According to the U.S. Department of Justice, financial exploitation of older adults is one of the most frequently reported forms of elder abuse.
The National Council on Aging (NCOA) estimates that such abuse costs older adults around $2.6 billion to $36.5 billion annually. This problem is expected to increase in the coming years as the older population grows.
By 2030, people aged 65 and older will constitute 21% of the total U.S. population. Those aged 85 and older rank as one of the fastest-growing populations in the country, growing from 4 million in 2000 to 21 million by 2050.
What Is Older Adult Financial Abuse?
The federal Elder Justice Act, enacted in 2010, defines the financial exploitation of older people as:
"The fraudulent or otherwise illegal, unauthorized, or improper act... that uses the resources of an elder for monetary or personal benefit, profit, or gain, or that results in depriving an elder the rightful access to, or use of, benefits, resources, belongings, or assets."
Older adults are particularly vulnerable to financial exploitation due to the:
- Memory and decision-making issues that come with age
- Increased dependence on caregivers and family members
- Tendency to have more financial assets
This is especially the case where an older individual suffers from dementia or some other mental incapacity that weakens their ability to make sound financial decisions.
Who Engages in Elder Financial Abuse?
Older adult financial abuse can take many forms, including:
- Scams by telemarketers or other con artists
- Identity theft
- Use of undue influence to pressure an older adult to transfer their assets
Most elder financial abuse occurs in domestic settings instead of long-term care facilities. It is normally caused by family members, which is called "elder family financial exploitation" (EFFE).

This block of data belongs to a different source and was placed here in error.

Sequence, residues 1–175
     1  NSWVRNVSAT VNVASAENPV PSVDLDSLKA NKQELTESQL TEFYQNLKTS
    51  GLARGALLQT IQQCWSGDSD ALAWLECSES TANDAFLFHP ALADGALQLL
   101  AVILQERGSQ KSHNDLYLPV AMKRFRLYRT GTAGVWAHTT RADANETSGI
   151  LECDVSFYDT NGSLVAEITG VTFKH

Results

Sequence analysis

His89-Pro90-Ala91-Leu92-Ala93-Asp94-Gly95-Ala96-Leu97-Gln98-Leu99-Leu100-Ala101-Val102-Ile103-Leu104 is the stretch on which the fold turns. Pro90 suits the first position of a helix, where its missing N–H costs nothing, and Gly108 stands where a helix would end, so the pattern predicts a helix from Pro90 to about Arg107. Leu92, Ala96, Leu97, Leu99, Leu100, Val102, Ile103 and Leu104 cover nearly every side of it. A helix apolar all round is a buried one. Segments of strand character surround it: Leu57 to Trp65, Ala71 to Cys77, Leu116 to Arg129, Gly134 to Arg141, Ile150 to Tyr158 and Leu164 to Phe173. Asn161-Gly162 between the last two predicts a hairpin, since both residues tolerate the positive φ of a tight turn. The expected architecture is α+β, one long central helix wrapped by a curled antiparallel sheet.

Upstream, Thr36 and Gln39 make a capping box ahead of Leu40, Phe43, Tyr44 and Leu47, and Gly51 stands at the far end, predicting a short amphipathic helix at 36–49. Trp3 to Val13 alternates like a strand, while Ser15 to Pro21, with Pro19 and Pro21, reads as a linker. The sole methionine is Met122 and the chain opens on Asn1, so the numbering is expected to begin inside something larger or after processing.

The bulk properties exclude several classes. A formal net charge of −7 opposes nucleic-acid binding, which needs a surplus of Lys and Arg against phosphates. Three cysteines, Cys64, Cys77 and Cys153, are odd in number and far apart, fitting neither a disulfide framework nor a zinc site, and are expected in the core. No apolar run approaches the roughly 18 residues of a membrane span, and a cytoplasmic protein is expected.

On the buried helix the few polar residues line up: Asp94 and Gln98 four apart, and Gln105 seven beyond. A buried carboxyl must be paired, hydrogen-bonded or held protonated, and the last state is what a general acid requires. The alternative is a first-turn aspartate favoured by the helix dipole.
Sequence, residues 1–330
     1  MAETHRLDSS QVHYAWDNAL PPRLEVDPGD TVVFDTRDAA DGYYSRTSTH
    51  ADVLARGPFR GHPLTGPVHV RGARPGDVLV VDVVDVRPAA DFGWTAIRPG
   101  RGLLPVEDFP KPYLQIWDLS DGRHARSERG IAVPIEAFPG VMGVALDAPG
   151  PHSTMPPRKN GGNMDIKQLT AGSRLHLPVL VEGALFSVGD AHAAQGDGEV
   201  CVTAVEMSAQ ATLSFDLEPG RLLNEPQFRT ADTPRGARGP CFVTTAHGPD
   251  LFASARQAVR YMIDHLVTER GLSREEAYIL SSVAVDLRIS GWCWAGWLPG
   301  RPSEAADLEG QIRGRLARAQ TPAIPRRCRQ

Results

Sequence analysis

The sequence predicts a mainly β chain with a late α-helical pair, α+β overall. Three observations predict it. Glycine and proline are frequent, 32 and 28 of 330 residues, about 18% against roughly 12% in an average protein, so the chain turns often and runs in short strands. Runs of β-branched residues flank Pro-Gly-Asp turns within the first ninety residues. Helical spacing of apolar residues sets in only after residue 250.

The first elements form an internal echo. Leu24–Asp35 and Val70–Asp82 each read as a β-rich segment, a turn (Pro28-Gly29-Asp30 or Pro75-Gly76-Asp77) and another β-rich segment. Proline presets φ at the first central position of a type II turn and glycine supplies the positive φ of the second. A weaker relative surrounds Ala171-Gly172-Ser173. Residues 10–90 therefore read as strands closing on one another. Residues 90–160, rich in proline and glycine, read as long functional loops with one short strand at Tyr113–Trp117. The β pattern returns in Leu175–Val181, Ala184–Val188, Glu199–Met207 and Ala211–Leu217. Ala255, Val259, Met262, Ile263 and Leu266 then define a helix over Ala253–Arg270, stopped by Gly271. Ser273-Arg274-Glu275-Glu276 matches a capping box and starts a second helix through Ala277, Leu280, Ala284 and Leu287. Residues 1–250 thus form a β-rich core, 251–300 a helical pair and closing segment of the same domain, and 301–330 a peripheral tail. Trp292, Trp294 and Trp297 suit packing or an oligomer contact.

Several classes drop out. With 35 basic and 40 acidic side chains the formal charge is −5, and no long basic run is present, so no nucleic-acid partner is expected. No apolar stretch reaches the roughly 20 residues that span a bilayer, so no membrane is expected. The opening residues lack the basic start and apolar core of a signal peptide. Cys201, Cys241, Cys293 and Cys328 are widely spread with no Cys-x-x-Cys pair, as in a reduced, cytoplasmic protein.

This is often done through promises of lifelong care or the use of a power of attorney authorizing the perpetrator to access an older adult's financial assets. Common signs of elder financial abuse include:
- Diminished health or mental capacity of the older person
- A growing interest in the individual's assets including their financial accounts and real property
- Unusual bank account activity
- Financial transactions that the elder has difficulty explaining
- New “best friends”
- History of substance abuse, gambling, or financial problems in the family
- Disputes regarding future inheritance
- Efforts to make the victim amend their estate planning documents, including any powers of attorney, wills, or trusts
Note: If you or your loved one doesn't have estate planning documents already, you can create DIY documents for power of attorney, living wills, or living trusts. You can also DIY your last will and testament. If these were already created or amended, you need an attorney to help sort them out.
Federal Laws Protecting Against Elder Financial Abuse
At the federal level, the Elder Justice Act provides for greater coordination among federal and state agencies dealing with older adult abuse cases. It also expands reporting requirements.
In addition, although it has yet to become federal law, the Elder Abuse Victims Act (EAVA) would provide greater federal support for investigating and prosecuting older adult abuse cases.
State Laws Protecting Against Elder Financial Abuse
Most laws protecting against older adult financial abuse exist at the state level. For example, California law prohibits anyone from taking or assisting in taking the real or personal property of seniors for wrongful purposes or with the intent to defraud.
California law also provides for treble damages, or the tripling of a damage award, in some instances of elder financial abuse. Other states have similar statutes protecting against older person's financial abuse.
It’s important to note that elder financial abuse can exist even where the victim has mental capacity. Most states recognize that undue influence or coercion can negate consent, even where an older individual is of sound mind.
What to Do if You Suspect Older Adult Financial Abuse
Contact your local Adult Protective Services agency if you suspect that older adult financial abuse or exploitation has occurred. The Elder Justice Initiative of the U.S. Department of Justice also contains support resources by state. It can be helpful to have an attorney on your side to help the process go smoothly.
In addition, if the victim has an attorney, particularly an estate planning attorney, that attorney should be advised of any suspected financial abuse. This is especially true when an individual is being pressured to revise their estate planning documents.
For additional general information on older adult abuse, see FindLaw's Elder Abuse Overview.